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Irenaeus believed that the four Gospels and other New Testament literature, along with the Old Testament writings, were normative for the Church, and he clearly called these writings “scripture” (see 1.9.4; 2.26.1, 2; 3.1.1, and so on). However, although it is evident that Irenaeus intended to acknowledge the necessity and authority of the four canonical evangelists, he did something which no canonical Gospel writer ever intended to do—namely, to suggest that somehow the Christian message was incomplete if one gospel (or less than four) were used. Luke appears to have used but dismissed the gospels that preceded him (Mark?), apparently writing to correct them with a “more orderly account” (Lk. 1.1–4). John, who must surely have known of Mark and probably Matthew, offers a significantly different picture of Jesus’ life, message, death, and resurrection. He does not suggest that his Gospel needs the other Gospels to support his claims or even to supplement them. That is not the intent of his concluding remarks in Jn 20.30, though the hyperbole in the later Johannine appendix in 21.25 may warrant that kind of speculation. Although Irenaeus may have seen the need for four “pillars” of gospels for the Church, it is difficult to establish that the evangelists themselves or anyone before Irenaeus saw such a need. It may be argued that Matthew and Luke did not view their sources as inviolable scripture (especially Mark), since they took such liberties in adding to and altering the sources they used.

Tatian’s followers later inserted clauses from the Gospel of Hebrews and from the Protevangelium of James into the Diatessaron, but one still cannot find in Tatian or his followers the loyalty to the “inspired text” that one can find in Rev. 22.18–19 or in Irenaeus’s defense of the four-Gospel canon cited above. From the fragment of the Diatessaron that has survived, it is clear that much of the context, especially from the Synoptic Gospels, is omitted. Does this mean that the canonical and “inspired” status of the four Gospels was not yet fully recognized by Tatian and by many of his other contemporaries? No doubt he saw them as responsible and faithful documents—otherwise he would not have used them, but he obviously did not perceive them as inviolable (sacred and therefore unchangeable) texts. While Irenaeus’s canon of Gospels was not universally accepted in his day, hence Irenaeus’s need to provide a defense of the four, the same cannot be said about the MF, in which the acceptance of four canonical Gospels is assumed without debate. This suggests that it was produced at a later date when such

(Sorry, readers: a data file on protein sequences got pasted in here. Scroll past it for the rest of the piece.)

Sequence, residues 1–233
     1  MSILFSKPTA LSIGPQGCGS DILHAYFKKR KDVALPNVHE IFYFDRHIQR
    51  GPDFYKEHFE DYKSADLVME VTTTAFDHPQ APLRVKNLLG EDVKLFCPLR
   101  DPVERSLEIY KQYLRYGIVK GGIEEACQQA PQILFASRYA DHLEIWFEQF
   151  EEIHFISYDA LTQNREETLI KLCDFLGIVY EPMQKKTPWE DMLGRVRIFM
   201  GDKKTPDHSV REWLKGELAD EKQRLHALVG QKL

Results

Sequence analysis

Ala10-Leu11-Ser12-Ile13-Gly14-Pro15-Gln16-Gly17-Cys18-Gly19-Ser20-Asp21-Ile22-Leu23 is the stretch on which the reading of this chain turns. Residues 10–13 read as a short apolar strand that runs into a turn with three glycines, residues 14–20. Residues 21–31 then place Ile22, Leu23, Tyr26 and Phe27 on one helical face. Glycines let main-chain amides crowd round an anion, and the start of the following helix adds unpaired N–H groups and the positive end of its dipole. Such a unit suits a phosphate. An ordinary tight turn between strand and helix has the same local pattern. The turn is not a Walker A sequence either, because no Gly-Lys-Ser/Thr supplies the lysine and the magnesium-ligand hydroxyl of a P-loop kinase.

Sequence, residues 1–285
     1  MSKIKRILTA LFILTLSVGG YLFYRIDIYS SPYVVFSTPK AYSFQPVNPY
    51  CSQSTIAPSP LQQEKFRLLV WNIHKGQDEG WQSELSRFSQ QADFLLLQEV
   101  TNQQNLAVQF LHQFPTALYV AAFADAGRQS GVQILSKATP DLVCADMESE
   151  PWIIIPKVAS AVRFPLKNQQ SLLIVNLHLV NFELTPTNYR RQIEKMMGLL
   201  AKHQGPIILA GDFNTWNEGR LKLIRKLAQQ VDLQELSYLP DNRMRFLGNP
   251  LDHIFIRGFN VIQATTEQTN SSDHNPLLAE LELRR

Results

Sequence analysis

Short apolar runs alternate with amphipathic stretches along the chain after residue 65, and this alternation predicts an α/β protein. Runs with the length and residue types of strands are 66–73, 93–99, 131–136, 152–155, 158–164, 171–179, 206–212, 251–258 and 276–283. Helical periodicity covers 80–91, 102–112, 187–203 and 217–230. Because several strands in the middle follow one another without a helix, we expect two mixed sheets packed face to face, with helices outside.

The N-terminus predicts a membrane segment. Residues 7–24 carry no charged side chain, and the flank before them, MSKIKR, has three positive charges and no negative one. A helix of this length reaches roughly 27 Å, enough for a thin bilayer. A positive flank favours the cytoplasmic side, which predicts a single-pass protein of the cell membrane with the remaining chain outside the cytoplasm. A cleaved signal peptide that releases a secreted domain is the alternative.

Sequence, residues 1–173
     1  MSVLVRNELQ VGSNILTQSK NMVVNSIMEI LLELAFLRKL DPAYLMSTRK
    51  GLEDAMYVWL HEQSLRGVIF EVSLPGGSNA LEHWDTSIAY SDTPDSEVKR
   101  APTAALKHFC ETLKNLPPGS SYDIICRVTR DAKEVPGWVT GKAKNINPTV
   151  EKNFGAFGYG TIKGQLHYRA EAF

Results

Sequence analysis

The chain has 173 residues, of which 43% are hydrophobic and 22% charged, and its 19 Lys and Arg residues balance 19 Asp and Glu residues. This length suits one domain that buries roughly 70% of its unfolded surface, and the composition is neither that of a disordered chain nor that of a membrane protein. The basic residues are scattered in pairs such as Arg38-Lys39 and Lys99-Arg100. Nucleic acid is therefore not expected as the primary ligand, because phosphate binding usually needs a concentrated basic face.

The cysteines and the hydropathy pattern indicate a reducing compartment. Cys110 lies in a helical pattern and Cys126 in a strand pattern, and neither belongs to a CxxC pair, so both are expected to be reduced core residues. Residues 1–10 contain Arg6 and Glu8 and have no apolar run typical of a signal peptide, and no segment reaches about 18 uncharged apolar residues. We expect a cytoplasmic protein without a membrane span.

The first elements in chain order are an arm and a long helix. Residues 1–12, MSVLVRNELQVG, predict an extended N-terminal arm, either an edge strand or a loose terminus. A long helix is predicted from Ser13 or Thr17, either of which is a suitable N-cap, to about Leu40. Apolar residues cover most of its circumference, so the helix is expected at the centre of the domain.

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matters were largely settled in the Church, namely, in the fourth century. On the whole, since there are apparently no parallels to the MF until after the time of Eusebius and those are from the east, the document therefore arguably should be dated after the mid-fourth century andits provenance assigned to the east, though we cannot insist on the location.

The possibility of a western origin for the MF is suggested by its discovery in the west, in spite of its Greek origins and the lateness of its translation into Latin. On the other hand, the nature of the list itself as well as many of the peculiarities within it appears to be eastern. The MF is an important document for our understanding of the growth and development of the New Testament canon if it is placed in its proper context. It is only a decisive text for those scholars who use it to argue that there was a canon consciousness at the end of the second century and scope of the biblical canon at that time. If the document can be dated that early, it is the strongest support they have for an early closure of the New Testament canon, but that, of course, is the question. The evidence is not compelling for placing it in the second century and as a result it is not the decisive text as some scholars have supposed. It becomes rather the “Achilles’ heel” of their argument.

It seems to fit best with the 15 other canonical lists from the fourth and early fifth centuries, even though it is not identical to any of them. It has been argued that the form of the MF, unlike the lists of books without comment in the fourth century, demonstrates that it is out of step with the fourth-century canonical lists. Although it is true that no exact parallels to the MF in the fourth century exist, something that could be said about other fourth-century lists, there are close enough parallels with Eusebius (Ecclesiastical History 3.25) in the fourth cen-tury and no parallels anytime before then. Eusebius lists his Scriptures with comment—not in a simple list—and his list is also without exact parallel in contents in the fourth century. We conclude that Eusebius’s description of Irenaeus’s and Origen’s canons are similar in style to the MF (Ecclesiastical History 5.8.1–9 and 6.25.3–14) and are likely fourth century inventions.